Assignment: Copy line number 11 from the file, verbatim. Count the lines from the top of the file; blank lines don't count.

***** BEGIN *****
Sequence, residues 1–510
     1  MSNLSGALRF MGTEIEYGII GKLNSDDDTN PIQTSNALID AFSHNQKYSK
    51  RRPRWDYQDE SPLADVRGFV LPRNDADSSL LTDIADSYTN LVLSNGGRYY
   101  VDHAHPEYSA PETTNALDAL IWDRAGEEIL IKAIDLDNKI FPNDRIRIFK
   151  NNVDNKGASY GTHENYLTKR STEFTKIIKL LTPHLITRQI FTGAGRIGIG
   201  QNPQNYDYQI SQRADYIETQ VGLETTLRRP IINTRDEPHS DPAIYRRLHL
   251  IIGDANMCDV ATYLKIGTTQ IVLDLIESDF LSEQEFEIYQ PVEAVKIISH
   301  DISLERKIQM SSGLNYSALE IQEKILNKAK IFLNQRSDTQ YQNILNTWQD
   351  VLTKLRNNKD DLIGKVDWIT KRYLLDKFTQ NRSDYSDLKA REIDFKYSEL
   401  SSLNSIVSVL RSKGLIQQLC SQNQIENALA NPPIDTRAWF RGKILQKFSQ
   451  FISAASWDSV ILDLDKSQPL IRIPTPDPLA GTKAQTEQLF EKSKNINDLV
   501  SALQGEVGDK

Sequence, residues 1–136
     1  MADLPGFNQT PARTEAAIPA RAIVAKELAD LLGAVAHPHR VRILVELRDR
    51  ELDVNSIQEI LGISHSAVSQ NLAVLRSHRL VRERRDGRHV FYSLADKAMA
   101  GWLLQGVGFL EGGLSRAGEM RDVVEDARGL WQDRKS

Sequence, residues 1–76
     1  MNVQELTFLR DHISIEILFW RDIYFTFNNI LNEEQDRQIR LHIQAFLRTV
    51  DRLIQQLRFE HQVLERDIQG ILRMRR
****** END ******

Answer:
   451  FISAASWDSV ILDLDKSQPL IRIPTPDPLA GTKAQTEQLF EKSKNINDLV